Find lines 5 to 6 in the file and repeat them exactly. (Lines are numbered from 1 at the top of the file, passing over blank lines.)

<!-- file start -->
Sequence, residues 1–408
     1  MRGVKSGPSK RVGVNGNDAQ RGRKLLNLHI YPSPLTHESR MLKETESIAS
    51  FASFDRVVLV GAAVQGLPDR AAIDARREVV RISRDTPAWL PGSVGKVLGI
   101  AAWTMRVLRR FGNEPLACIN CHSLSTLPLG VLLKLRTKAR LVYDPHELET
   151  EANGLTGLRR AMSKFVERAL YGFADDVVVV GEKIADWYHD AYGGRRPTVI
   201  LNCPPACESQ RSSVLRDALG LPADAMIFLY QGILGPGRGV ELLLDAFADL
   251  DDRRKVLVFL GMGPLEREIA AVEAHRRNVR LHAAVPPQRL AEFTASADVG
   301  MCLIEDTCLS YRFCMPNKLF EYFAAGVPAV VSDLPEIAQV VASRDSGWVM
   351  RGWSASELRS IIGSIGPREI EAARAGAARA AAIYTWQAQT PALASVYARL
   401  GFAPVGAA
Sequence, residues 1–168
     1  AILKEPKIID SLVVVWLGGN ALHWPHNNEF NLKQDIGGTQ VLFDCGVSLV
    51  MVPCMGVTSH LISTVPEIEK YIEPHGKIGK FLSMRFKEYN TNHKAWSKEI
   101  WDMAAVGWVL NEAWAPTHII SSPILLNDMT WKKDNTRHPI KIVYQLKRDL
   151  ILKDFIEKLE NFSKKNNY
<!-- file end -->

   151  EANGLTGLRR AMSKFVERAL YGFADDVVVV GEKIADWYHD AYGGRRPTVI
   201  LNCPPACESQ RSSVLRDALG LPADAMIFLY QGILGPGRGV ELLLDAFADL